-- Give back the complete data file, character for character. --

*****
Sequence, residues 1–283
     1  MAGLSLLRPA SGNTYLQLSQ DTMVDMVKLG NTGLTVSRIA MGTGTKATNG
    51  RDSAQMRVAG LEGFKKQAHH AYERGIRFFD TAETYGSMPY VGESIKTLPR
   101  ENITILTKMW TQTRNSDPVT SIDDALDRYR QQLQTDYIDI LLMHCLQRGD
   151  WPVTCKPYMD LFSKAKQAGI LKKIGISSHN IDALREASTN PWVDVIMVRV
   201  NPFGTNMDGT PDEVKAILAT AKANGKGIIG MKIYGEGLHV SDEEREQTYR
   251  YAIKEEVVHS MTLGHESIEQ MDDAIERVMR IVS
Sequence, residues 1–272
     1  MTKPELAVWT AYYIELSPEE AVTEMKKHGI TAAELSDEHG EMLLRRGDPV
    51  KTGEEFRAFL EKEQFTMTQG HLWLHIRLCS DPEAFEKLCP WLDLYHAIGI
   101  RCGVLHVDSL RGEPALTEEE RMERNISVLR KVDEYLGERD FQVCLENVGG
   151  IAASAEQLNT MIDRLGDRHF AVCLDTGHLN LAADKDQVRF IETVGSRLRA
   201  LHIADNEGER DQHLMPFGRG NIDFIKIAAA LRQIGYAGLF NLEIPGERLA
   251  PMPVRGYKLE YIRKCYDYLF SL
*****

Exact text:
Sequence, residues 1–283
     1  MAGLSLLRPA SGNTYLQLSQ DTMVDMVKLG NTGLTVSRIA MGTGTKATNG
    51  RDSAQMRVAG LEGFKKQAHH AYERGIRFFD TAETYGSMPY VGESIKTLPR
   101  ENITILTKMW TQTRNSDPVT SIDDALDRYR QQLQTDYIDI LLMHCLQRGD
   151  WPVTCKPYMD LFSKAKQAGI LKKIGISSHN IDALREASTN PWVDVIMVRV
   201  NPFGTNMDGT PDEVKAILAT AKANGKGIIG MKIYGEGLHV SDEEREQTYR
   251  YAIKEEVVHS MTLGHESIEQ MDDAIERVMR IVS
Sequence, residues 1–272
     1  MTKPELAVWT AYYIELSPEE AVTEMKKHGI TAAELSDEHG EMLLRRGDPV
    51  KTGEEFRAFL EKEQFTMTQG HLWLHIRLCS DPEAFEKLCP WLDLYHAIGI
   101  RCGVLHVDSL RGEPALTEEE RMERNISVLR KVDEYLGERD FQVCLENVGG
   151  IAASAEQLNT MIDRLGDRHF AVCLDTGHLN LAADKDQVRF IETVGSRLRA
   201  LHIADNEGER DQHLMPFGRG NIDFIKIAAA LRQIGYAGLF NLEIPGERLA
   251  PMPVRGYKLE YIRKCYDYLF SL